Gem's got really good feet. He is barefoot. Even as a newbie owner and horse person, I can recognize that he has strong feet. They are not perfectly shaped, but they are big and hard, with a healthy frog. I give Gem's feet a good clean every time I see him, before and after I ride him. I will run salt water (I use salt water for everything!) in the crevices of his frog if I think there is something funky going on in there and then use the pick brush. If you are thinking of going barefoot, you may find Sophie's blog, Barefoot Horse a great reference.
The terrain that Gem lives and works on is sand (arena), sand with some fine stone (paddock) and pasture. I sometimes walk him up and down the lane which is dirt and gravel. I walk him up and down the lane because it's a harder and rockier surface and I like the idea that his feet are experiencing all kinds of surfaces. I am a little obsessive about his feet. :-)
Today Gem got his feet done. I haven't actually seen The Farrier since last year. He comes every few weeks to the stables. You put your name down, he does your horse's feet and the bill is left with LA. Gem chips his feet all the time. When he is let out in the morning, he generally expresses himself through loping around his field and kicking up his heels. I am sure the rocks that are in his field take a beating from his antics. :-) While most of his chips are minor, in the early summer, Gem had two huge chunks out of his hooves from expressing himself while experiencing spring fever. It took three visits, three weeks apart for The Farrier to smooth them out.
I am having my stay-cation this week and decided to help LA out at the stables today. Ten horses had their feet done and 12 young riders were registered for riding camp. It was busy! But, it was a great opportunity to get re-acquainted with The Farrier. While LA helped the riding camp attendees, I held horses for him.
I am one of those people that puts The Farrier at the same importance level as my vet. They both play an essential role in the health and well-being of Gem. I am very fortunate that in my neck of the woods, I have the cream of the crop in both areas looking after Gem.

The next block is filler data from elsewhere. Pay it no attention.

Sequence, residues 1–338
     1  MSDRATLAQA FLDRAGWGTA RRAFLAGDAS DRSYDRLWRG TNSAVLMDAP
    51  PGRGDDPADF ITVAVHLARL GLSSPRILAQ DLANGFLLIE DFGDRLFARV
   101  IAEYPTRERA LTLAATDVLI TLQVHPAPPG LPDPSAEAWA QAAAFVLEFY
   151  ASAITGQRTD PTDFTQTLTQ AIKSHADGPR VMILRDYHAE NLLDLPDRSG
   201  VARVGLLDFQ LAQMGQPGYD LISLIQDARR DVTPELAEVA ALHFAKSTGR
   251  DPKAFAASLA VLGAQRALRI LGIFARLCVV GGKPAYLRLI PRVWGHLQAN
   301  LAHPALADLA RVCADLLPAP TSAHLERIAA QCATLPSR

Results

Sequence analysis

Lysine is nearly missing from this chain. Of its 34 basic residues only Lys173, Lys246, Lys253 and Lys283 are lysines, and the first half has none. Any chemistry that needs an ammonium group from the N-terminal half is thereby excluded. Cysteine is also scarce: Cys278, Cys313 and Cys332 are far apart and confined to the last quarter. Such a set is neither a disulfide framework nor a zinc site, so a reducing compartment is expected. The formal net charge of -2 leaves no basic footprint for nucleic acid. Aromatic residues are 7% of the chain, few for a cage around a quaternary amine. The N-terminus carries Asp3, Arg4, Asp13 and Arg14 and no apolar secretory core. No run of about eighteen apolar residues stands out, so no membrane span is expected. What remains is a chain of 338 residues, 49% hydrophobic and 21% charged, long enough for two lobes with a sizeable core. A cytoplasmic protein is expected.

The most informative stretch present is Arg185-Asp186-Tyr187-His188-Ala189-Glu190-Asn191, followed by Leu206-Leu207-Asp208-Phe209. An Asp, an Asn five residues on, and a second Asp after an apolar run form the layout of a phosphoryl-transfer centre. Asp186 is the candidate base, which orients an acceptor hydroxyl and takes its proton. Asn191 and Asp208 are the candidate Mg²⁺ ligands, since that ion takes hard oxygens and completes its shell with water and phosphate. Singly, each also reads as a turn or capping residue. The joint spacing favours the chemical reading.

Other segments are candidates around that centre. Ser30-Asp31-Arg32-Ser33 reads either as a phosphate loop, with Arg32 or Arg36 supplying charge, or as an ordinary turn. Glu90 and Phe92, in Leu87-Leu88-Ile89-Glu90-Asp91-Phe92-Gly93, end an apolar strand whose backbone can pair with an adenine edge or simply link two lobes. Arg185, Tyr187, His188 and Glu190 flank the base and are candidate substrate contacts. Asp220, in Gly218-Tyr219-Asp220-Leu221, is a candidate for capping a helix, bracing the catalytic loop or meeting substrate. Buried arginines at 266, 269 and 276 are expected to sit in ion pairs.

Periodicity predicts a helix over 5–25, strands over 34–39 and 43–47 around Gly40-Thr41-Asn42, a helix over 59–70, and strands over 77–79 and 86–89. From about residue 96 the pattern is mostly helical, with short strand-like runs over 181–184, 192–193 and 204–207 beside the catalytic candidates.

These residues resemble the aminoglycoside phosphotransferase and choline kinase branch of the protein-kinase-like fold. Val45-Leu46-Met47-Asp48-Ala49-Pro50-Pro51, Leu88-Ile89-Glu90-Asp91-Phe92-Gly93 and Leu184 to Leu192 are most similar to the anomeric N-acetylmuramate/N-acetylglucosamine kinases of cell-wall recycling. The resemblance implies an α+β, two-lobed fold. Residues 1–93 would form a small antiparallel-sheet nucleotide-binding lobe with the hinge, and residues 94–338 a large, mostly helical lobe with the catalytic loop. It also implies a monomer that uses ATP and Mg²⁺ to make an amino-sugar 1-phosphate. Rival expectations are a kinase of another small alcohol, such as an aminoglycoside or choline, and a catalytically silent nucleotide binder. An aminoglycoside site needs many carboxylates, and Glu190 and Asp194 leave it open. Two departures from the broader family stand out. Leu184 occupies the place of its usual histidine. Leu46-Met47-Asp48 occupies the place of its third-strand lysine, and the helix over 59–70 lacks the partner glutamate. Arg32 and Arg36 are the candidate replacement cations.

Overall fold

The Farrier always has a smile and enjoys company as he works. LA has 40 horses that need to be looked after and will not work with anyone but The Farrier. That reference in itself is good enough for me. But, I did take this opportunity to ask The Farrier if he attended any educational conferences. He attends two a year in Canada. I like the fact that he keeps current. On top of everything else, he is a kind man. Some horses he worked on outside (they like the distraction and it helps them not to feel trapped) and others he worked on inside. Some of the horses were fidgety, but he was patient. He spoke calmly and did not force anything. I once saw an old timer at another barn hit the horse in the belly with his hammer when the horse got fidgety....I didn't like this and was worried that this was the norm....and was relieved that it wasn't, when I met The Farrier. Whew.
I enjoyed being with The Farrier and handling horses that I wouldn't normally be around. It was cool to see how other horses behaved and I think it was good for my confidence. I also heard some great stories today. Most events happened when The Farrier was a newbie...he's much smarter now. :-) Here are a few:
Young stallion lunged at him as he was walking in front of him and bit his face! The top of the horse's mouth connected with his forehead and the bottom set of teeth under his nostrils. He had to go to the hospital and have the base of his nose stitched up. He still has a scar on his forehead....he was thankful that he still had a nose!
A gelding reared and struck out at him, hitting him in the chest so hard that it knocked him to the ground and left a horse shoe bruise on his chest.
Reining horses have long tails and a lot of owners braid them to keep them clean and pristine. Unfortunately, The Farrier once got hit so hard in the eye with a braided tail that it caused blurry vision for a few days. He now requests that all tails be unbraided prior to his visit.
He got body slammed by a scared horse. Ouch.
There is one horse that purposely whips his very long, very thick wiry tail in The Farrier's face. It hurts and makes it difficult to work. Smart horse. :-) Now someone has to hold the tail while he works.
Most of horses that I held were well behaved, including my Gem. There were two that had issues. The first was Gem's next door stall neighbour, an ex-halter Arabian, who over the last year has had mood swings and exhibited some aggressive behaviour. I think he may still be having back issues. I spoke softly to K. and gave him scratches on his withers and in his mane. "Is that a good spot? Oh yeah...you like that, don't you? How about here...?" It worked. K.'s anxiety melted away and he stopped fidgeting.
The other horse was DH. DH is just not a very nice horse and has something in him that makes him resent everything. He was giving The Farrier a hard time by pulling his feet away from him. As DH wildly swung his head up and down in the cross-ties, I tried to calm him down the same way I did K. It was hit and miss, but in general he would have short periods of calmness that would allow The Farrier to nail on his shoes.
The Farrier thanked me for all my help. I thanked him for the stories. So I didn't ride today. Instead, I spent the first day of my stay-cation at the stables, holding and whispering to horses and walking them either back to their stalls or putting them out in the pastures. My stay-cation is great, so far. :-)
What was I thinking....?